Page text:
When jazz trumpeter Jeremy Davenport got off the road to take a lengthy engagement at the Ritz Carlton Hotel in New Orleans, he said no one seemed more surprised than his former boss — Harry Connick Jr. Davenport had traveled the world in Connick's band, which was and remains, hot stuff.
Today on The Sound of Books with Fred Kasten, the new non-fiction investigation of a century-old Louisiana mystery: A Case for Solomon: Bobby Dunbar and the Kidnapping That Haunted a Nation, by co-authors Tal McThenia and Margaret Dunbar Cutright.
Correspondent Zoe Sullivan brings us this snapshot of a Bywater mainstay — a barbershop that serves as a "community hub" for the neighborhood.
This is a photo essay that began in my mind when I lived in the Bywater and would bike by the door to this barber shop. Its obvious age and it’s position at an angle to the street intrigued me. A few weeks ago, I finally went to see if I could take some pictures. Michael Williamson gave me some wonderful suggestions on how to improve the work, and here is the result.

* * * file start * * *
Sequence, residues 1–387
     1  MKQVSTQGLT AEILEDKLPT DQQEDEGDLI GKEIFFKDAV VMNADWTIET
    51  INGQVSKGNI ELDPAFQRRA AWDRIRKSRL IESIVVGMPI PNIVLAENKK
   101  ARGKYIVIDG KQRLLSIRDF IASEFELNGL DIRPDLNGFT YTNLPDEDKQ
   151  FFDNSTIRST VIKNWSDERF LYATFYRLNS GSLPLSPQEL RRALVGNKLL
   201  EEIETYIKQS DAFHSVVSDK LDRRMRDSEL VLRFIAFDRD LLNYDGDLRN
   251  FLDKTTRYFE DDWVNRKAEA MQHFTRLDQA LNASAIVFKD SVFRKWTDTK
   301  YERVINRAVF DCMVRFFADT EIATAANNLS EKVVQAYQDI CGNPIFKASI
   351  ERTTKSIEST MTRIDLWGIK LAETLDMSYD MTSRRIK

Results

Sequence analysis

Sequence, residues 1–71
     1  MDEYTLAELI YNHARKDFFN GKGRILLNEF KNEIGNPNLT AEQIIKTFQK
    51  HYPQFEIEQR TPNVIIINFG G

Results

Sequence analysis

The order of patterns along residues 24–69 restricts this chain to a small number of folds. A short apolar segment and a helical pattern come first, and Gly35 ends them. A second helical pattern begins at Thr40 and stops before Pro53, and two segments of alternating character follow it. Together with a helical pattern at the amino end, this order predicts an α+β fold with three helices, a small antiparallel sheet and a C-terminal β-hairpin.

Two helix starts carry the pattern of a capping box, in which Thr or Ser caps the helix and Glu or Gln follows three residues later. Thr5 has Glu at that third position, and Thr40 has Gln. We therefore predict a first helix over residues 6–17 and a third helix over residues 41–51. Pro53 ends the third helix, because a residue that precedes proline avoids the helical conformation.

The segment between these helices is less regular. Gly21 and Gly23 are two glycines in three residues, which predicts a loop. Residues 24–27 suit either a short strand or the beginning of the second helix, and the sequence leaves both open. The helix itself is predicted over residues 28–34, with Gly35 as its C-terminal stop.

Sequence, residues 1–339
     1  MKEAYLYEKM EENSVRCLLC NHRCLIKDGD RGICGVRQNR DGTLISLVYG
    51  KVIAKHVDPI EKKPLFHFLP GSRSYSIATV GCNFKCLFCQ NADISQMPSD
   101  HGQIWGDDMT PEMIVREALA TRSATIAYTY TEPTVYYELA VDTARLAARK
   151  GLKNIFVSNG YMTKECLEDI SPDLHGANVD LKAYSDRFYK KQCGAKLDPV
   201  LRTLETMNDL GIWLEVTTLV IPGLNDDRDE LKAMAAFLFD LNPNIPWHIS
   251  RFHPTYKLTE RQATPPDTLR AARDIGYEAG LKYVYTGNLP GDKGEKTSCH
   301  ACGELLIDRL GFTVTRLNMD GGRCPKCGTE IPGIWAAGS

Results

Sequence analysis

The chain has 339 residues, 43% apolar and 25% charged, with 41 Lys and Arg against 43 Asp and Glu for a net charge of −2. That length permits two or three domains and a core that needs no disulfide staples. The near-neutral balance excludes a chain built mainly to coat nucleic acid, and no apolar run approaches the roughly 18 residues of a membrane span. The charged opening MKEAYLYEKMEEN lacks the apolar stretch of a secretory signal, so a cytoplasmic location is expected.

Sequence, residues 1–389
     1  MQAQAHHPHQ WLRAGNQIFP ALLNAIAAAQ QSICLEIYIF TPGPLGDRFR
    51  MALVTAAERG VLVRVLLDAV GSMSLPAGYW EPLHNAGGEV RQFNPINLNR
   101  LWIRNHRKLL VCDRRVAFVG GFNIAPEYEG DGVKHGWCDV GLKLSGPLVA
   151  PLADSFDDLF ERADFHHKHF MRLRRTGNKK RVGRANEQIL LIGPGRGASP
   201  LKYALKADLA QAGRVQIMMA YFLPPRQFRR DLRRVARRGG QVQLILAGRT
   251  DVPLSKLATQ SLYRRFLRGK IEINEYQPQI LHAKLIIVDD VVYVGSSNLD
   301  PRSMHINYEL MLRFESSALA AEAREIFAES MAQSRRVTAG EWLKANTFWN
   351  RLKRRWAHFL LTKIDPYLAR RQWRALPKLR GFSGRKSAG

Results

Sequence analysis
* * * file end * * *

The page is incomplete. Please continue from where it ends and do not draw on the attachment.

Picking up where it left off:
Ustad Shahid Parvez Khan will perform sitar music in a concert set Sept. 7 at Loyola University.
The performance, set for 8 p.m. at the Nunemaker Auditorium in Monroe Hall on the Loyola campus, is sponsored by the Indian Arts Circle of New Orleans and Loyola University's College of Music and Fine Arts.
Khan is known for his innovation with the sitar. He will be accompanied by award-winning tabla player Subhajyoti Guha.
All summer long, Weekend Edition has been bringing listeners the sounds of music played outdoors by all manner of street performers. Of all the cities in America that embrace buskers, New Orleans, with its tradition of jazz and oompah bands at Mardi Gras, may be the most welcoming. It also happens to be a city with a certain eccentric flair — so Weekend Edition wasn't surprised to find Clyde Casey there.
During the next two weeks, the major political parties will assemble their faithful in Tampa, Fla., and Charlotte, N.C., to officially nominate their presidential tickets. These conventions were once places of high political drama. But over the decades, as the primary system has determined the candidates well in advance, conventions have become political theater. With that in mind, there's much to be said on staging in politics — not substance, but style.
Irma Thomas returns to Music Inside Out for a whole new, fresh, hot buttered and yummy conversation. The Queen of New Orleans Soul pays her respects to some of her musical influences and talks about the bottom line of a Grammy Award. Turns out, there's a reason why they call it show business.